|Revenge is a terrible thing, but that doesn't mean you can't look cool doing it. Pop singer/splatter film fan Juno Mak wrote the original story for and also stars in Revenge: A Love Story, which he claims is an anti-revenge movie. The film is the second production from Josie Ho, Conroy Chan and Andrew Ooi's 852 Films, which also gave us Pang Ho-Cheung's social commentary slasher Dream Home. This time, bombastic filmmaking and artistic pretensions (courtesy of co-writer/director Wong Ching-Po) replace social commentary and tongue-in-cheek dark humor.
The switch from socially-conscious slasher to pretentious grindhouse thriller could please western genre film fans who might have been confused by Dream Home's look at a local Hong Kong issue. Despite the in-your-face direction, Wong Ching-Po’s direction is more down-to-earth compared to his own Jiang Hu and Ah Sou, avoiding much of the showy MTV-style filmmaking that alienated and frustrated audiences. However, his script tries far too often for meaning, depriving the audience of a simple stylistic exercise in extreme violence.
Of possible greater interest than Juno Mak, Wong Ching-Po and even the gore is popular Japanese adult film actress Sola Aoi, who’s acting in her first Chinese-language film. As expected, Aoi seems out of place among a cast of rough-looking Hong Kong actors (and Juno Mak), which might explain why her character Wing seems slightly mentally challenged. However, that doesn't really matter in the film's opening 20 minutes, which unleashes a series of ugly, violent acts. Juno Mak is easily the star of this opening section as his character Kit brutally kills several policemen and slices open their pregnant wives' stomachs. Even though the opening jolts its audience into discomfort, it doesn’t introduce any characters worth following, as nearly all of them perpetrate violent acts that make them hard to care about.
At this point, Revenge really begins as Kit is caught by the police and the film flashes back to its love story, which provides the film's emotional core. Characters are re-established, including Kit as the innocent town idiot and Wing as the young, naive schoolgirl living with her grandmother. When Wing's grandmother dies, Kit bails Wing out of the worst and most unconvincing foster care facility in Hong Kong, leading to a short romance that abruptly ends when a local drunkard (Lau Wing) mistakes Wing for a prostitute. The drunkard turns out to be a cop, setting off a chain of events that leaves Kit in prison and Wing brutally raped.
The love story takes up most of the second act and gives Revenge a down-to-earth quality that similar films lack. After the intense opening, the second act puts the audience at ease, and is actually the only portion of the film where any kind of humor can be found. Meanwhile, the rest of the film is too hung up on its themes and extreme visuals to do anything else, even sacrificing logic and characterization to play up its hardcore spirit. Wong's direction is unpretentious by his lofty standards, but his script is the opposite, splitting the story into eight portentously-named chapters - like “The Devil Shook the Hand of the Duck Who Thinks He's God” (note: NOT a real title) – that have absolutely nothing to do with the events of the film if you're not a comparative literature major.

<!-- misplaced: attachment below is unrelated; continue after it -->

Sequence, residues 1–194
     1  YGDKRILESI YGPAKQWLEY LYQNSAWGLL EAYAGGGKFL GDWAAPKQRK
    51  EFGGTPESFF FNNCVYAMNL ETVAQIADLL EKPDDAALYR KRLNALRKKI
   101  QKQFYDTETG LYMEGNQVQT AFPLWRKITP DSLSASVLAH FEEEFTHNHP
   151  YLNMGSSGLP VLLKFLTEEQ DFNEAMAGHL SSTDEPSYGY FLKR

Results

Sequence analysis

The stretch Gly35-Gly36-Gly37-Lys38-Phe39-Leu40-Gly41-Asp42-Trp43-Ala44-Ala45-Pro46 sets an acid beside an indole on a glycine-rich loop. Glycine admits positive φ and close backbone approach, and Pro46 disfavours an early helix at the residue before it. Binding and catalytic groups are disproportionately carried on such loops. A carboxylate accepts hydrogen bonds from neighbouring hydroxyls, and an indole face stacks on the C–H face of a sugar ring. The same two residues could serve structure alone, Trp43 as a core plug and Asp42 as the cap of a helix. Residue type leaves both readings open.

While Revenge: A Love Story proudly flaunts its anti-revenge message via the intertitles, it indulges in giddy exploitation violence, setting up one inventive kill after another in its fantasy world filled with empty hospitals, abandoned gas stations with working gas pumps, and police stations that are only manned by six policemen. All the way up to its final scene, it serves up messages about the evils of revenge, but doesn't hesitate to show the gloriously bloody ways people go about seeking it. At no point do the film's protagonists seem to actually learn anything that makes them convincingly change their attitude towards revenge, making the film’s anti-revenge message appear hypocritical and insincere.
Revenge: A Love Story will be treated kindly, as it’s a genre film attempted without regard for China – and with the Hong Kong film market shrinking, I would not hesitate to agree. However, it’s also a mean-spirited film that exploits its actors (including Aoi, who was obviously cast because no Hong Kong actress would touch her tormented character with a ten-foot pole) into making something that appear to be meaningful. If given lower production values, Revenge would've simply been another disposable category-III exploitation film in the 90s, but at least it would then be aware of its own limited nature. In its current form, Revenge: A Love Story is a b-movie dressed up in a-movie clothes, and it definitely doesn't fit. (Kevin Ma, reviewed at the Hong Kong Asian Film Festival, 2010)